I missed this article when it was first published, and the only link I have for it probably requires registration, but Sunday’s Times featured a story about a proposal to turn the LIRR’s abandoned Rockaway Beach Branch into a linear park, a la the High Line.
The Long Island Rail Road (LIRR) ran the Rockaway Beach Branch (link 1, 2) line until the 1950s, when declining ridership led to its abandonment. The MTA bought the right of way (ROW) in the late 1950s, and now a portion of the ROW carries the A line out past JFK, across Broad Channel, and onto the Rockaway Peninsula. (See Jen’s photos from our trip to the Rockaways.)
Apparently, the MTA floated a proposal a few years back to reinstate train service along the line, but then abandoned the idea. Looks like NIMBYism, in part, killed the plan. It’s a shame. As the Times article notes, it would provide speedier service from the Rockaways (and, of course, JFK) to Manhattan.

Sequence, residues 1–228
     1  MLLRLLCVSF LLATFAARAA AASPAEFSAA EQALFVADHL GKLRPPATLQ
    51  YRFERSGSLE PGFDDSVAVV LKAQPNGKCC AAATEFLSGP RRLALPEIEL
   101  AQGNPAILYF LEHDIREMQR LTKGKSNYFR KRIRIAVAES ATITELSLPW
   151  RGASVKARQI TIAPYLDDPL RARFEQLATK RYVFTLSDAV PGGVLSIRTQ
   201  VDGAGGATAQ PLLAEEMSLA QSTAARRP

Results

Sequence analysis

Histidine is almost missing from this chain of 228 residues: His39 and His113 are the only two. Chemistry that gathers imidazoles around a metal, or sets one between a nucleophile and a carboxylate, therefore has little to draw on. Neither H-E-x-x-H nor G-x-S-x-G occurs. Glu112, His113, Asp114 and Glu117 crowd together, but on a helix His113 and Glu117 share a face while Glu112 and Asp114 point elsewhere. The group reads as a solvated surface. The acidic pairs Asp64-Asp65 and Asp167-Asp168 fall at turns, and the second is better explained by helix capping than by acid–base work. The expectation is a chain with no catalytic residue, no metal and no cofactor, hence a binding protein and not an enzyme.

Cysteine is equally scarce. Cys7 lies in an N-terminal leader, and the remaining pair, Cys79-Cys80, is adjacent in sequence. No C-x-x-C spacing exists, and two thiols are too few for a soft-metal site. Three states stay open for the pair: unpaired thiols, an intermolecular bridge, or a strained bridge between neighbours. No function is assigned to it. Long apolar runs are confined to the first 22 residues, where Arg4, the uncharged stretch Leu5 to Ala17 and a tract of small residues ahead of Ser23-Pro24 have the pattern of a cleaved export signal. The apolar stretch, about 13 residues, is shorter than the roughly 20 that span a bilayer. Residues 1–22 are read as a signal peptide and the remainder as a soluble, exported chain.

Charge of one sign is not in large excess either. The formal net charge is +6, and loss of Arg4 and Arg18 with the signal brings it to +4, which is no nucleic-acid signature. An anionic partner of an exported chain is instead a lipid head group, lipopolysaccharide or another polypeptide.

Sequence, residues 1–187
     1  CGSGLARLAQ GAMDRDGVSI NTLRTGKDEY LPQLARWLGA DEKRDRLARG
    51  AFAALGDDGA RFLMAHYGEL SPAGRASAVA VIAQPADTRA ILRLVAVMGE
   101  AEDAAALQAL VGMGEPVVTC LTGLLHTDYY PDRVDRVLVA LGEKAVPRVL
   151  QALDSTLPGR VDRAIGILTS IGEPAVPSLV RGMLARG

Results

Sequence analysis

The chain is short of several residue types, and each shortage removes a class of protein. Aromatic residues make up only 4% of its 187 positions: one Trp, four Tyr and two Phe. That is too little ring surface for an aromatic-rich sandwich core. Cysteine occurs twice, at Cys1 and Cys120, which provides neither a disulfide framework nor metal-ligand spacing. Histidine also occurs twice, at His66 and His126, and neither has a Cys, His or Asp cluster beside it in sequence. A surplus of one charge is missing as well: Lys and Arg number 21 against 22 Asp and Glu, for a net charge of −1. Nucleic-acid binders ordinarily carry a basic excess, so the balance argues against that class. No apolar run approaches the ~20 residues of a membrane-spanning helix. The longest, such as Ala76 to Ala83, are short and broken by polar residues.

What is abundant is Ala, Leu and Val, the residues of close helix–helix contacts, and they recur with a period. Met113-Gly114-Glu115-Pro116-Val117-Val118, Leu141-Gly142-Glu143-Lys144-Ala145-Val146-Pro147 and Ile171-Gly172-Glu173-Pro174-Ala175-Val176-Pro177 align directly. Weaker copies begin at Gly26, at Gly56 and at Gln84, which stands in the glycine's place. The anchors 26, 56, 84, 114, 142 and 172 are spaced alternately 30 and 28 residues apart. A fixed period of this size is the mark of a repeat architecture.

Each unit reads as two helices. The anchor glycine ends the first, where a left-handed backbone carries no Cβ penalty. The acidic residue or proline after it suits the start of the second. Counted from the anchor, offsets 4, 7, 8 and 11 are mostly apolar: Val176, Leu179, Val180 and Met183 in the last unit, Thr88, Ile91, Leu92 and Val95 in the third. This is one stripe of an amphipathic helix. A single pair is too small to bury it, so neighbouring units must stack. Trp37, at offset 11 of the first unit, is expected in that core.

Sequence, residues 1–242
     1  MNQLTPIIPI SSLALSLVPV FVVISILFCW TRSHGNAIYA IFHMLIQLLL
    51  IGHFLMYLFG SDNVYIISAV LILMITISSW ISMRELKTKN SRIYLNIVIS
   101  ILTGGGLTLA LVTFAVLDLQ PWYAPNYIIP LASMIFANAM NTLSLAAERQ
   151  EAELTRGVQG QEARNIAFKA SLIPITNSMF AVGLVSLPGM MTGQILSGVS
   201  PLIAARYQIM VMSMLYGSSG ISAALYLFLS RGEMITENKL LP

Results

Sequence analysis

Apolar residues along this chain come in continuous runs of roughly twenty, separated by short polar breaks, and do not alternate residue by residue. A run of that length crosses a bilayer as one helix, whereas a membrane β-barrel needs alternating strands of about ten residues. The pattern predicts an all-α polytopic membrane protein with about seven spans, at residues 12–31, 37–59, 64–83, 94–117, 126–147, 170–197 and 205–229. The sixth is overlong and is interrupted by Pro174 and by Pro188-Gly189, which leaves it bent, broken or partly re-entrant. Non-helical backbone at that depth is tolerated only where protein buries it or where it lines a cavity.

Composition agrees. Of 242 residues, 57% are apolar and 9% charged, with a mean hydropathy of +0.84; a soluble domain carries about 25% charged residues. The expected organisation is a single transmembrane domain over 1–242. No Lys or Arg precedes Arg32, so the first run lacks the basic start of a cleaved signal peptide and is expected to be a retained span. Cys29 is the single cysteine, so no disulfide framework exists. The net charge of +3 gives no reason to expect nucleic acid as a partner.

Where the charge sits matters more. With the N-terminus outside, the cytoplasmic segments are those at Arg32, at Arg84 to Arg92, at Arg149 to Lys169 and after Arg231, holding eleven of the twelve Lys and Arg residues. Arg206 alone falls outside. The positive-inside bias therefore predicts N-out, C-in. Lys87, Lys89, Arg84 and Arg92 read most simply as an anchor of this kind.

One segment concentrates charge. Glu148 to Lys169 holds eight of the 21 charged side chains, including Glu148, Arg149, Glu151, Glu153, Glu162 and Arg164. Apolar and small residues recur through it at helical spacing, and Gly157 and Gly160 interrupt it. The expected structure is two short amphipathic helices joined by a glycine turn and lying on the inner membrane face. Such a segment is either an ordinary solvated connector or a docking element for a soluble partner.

Also, since most of the old stations along that line have been demolished, it might also provide another option for routing a one-seat ride from JFK to Manhattan. However, proponents of the current one-seat plan envision two things that the Rockaway Branch wouldn’t provide: access to Lower Manhattan (the Rockaway Branch, if reactivated, would terminate in Penn Station or Grand Central), and an extension out to Long Island’s suburbs. Face it, easy access to JFK is a smokescreen for what planners really want: increased commuter service for wealthy Long Islanders who work in the Financial District. Since the Rockaway Branch can’t provide that, it’s best future is as a bicycle path.